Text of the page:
As the commons gets appropriated, one solution, for those who have the means, is to leave the commons for private clubs such as the business-class lounge. Consider that it is those in the business lounge who make the decisions that determine the character of the peon lounge and we may start to see these things in a political light. To engage in playful, inventive thinking, and possibly create wealth for oneself during those idle hours spent at an airport, requires silence. But other people's minds, over in the peon lounge (or at the bus stop) can be treated as a resource—a standing reserve of purchasing power to be steered according to innovative marketing ideas hatched by the "creatives" in the business lounge. When some people treat the minds of other people as a resource, this is not "creating wealth," it is a transfer.
— Matthew B. Crawford, The World Beyond Your Head
Tech startup investor Joe Beninato proposes some changes to make startup equity more fair and valuable to employees:
- Cap table transparency for all
- Early exercise for early employees
- More than 90 days to exercise after departure
- Vesting schedule revisited
His suggestion for a back-dated vesting period instead of the standard four year equal vest with one year cliff is the most controversial. I would be willing to accept this in exchange for his other proposed reforms. Any company with an unorthodox stock option policy like these should promote them. It would be valuable in recruiting.
On a related note, Aaron Harris and Tikon Bernstam have both made similar calls for improving the equity compensation situation for employees.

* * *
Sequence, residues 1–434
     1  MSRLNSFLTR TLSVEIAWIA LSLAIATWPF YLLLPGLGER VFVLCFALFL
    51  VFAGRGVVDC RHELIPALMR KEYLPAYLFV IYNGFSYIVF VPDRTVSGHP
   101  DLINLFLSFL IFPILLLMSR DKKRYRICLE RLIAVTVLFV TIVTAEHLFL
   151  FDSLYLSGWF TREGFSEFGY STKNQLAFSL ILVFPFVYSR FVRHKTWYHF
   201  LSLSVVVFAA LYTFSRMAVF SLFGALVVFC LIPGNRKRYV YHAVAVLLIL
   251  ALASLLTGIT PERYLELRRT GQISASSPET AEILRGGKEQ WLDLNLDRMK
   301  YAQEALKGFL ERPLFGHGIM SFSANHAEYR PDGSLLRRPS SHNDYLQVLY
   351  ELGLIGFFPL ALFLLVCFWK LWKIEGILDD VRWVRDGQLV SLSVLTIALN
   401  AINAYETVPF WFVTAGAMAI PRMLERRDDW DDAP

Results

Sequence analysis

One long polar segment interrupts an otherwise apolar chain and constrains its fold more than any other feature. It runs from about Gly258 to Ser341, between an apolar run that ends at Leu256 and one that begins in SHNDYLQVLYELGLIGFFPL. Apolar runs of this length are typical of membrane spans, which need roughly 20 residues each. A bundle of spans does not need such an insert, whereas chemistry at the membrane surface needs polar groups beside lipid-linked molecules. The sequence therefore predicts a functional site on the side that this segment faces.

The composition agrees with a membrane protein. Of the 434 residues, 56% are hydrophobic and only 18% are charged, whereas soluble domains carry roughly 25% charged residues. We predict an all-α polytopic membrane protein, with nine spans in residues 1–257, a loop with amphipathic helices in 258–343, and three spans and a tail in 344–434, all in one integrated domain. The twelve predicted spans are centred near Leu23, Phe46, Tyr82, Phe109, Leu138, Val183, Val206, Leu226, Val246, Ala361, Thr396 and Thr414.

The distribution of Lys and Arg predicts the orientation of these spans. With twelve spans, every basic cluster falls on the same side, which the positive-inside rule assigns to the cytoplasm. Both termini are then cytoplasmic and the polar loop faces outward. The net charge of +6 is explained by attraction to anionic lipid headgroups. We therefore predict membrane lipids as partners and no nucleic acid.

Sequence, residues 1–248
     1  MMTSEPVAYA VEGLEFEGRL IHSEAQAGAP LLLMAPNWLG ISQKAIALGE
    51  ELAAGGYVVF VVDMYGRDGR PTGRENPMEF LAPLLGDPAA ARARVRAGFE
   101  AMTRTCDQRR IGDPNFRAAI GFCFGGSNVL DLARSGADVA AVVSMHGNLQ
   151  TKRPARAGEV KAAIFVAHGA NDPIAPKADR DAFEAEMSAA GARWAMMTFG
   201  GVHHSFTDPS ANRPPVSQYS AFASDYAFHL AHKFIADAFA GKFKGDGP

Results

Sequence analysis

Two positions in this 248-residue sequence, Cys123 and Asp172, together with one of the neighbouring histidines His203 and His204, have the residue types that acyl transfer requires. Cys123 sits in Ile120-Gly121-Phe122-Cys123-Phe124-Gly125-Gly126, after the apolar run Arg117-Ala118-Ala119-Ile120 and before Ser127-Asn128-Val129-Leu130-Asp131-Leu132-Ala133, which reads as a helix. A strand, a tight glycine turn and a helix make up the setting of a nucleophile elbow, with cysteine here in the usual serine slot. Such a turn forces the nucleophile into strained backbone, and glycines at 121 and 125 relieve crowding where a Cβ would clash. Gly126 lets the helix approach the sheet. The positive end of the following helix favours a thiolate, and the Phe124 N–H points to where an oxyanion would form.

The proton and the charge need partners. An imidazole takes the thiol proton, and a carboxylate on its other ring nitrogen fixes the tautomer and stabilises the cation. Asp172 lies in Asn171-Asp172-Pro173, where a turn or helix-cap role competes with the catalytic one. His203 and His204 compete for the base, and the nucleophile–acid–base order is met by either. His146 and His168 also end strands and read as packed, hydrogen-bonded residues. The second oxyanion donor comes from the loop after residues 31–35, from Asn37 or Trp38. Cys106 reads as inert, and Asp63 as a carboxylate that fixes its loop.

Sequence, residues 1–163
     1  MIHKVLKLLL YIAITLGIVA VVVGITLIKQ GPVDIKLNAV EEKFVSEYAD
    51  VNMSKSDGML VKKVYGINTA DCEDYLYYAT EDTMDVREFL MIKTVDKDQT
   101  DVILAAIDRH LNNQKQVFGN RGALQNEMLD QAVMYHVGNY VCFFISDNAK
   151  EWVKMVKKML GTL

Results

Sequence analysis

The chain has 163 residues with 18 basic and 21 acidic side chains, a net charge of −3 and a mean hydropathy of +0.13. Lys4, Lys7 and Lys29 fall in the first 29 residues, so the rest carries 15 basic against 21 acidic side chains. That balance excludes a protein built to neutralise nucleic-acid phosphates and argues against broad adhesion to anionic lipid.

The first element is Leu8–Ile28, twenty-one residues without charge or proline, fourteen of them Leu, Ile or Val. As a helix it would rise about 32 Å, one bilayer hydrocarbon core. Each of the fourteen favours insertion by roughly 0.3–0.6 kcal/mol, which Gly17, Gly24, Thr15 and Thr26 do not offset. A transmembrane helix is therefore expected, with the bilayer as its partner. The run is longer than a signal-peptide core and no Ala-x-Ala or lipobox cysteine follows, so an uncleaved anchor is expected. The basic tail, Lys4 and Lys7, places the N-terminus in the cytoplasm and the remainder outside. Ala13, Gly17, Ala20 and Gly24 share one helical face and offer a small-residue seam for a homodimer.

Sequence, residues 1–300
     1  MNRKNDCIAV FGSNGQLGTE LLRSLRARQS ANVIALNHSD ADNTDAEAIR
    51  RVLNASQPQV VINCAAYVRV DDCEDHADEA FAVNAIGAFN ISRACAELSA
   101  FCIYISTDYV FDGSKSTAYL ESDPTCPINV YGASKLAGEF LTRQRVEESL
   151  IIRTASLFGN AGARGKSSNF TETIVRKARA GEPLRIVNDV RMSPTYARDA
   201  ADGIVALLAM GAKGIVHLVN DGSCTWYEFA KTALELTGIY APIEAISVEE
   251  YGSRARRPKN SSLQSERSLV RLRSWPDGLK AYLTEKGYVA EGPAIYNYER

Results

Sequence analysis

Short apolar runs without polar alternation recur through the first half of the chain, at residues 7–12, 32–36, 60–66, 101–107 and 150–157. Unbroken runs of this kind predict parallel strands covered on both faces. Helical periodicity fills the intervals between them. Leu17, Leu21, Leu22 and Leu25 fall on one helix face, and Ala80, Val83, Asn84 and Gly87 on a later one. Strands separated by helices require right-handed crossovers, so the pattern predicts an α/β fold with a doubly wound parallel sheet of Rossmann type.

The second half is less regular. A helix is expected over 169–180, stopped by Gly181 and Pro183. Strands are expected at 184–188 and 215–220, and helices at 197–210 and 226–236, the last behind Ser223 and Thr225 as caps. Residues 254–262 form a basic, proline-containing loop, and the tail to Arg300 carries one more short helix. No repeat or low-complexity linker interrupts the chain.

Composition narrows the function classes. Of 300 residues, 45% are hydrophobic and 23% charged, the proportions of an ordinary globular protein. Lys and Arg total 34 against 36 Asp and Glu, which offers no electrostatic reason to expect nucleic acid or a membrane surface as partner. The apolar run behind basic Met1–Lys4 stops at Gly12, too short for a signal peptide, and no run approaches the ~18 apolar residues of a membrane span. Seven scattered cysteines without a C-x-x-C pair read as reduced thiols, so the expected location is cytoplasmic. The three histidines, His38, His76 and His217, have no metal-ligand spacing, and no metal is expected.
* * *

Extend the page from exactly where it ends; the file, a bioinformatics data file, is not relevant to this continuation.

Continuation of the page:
Urban planner Jeff Speck and 3D artist Spencer Boomhower collaborated to create this animation of four different road diets for typical street configurations. I think this type of visualization is useful to help people understand the impact of proposed traffic calming measures and could result in less opposition.
Jeff Speck: Four Road Diets from Cupola Media on Vimeo.
Ecology in Dune is a vital pillar, without which the story would fall apart. It is every bit as important as a warrior’s ability in battle or a mystic’s ability to see into the future. It may seem surprising, but at the turn of the 20th century, pollution was a concern in the minds of Americans, though these fears tapered off as the Depression took hold. It wasn’t until the extraordinary rise of affluence during the postwar years that many ecological concerns were reevaluated on a large scale. With Dune, Herbert was at the start of a new wave’s swell, albeit a small one. The instigator of the first ripple was Rachel Carson, with her 1962 book, Silent Spring. It highlighted the detrimental effects of pesticides, and is credited with eventually leading to the ban on DDT. After this, the discussion of environmental issues in print increased, but not as much as you’d expect — and certainly not in a novelistic sense — until Dune.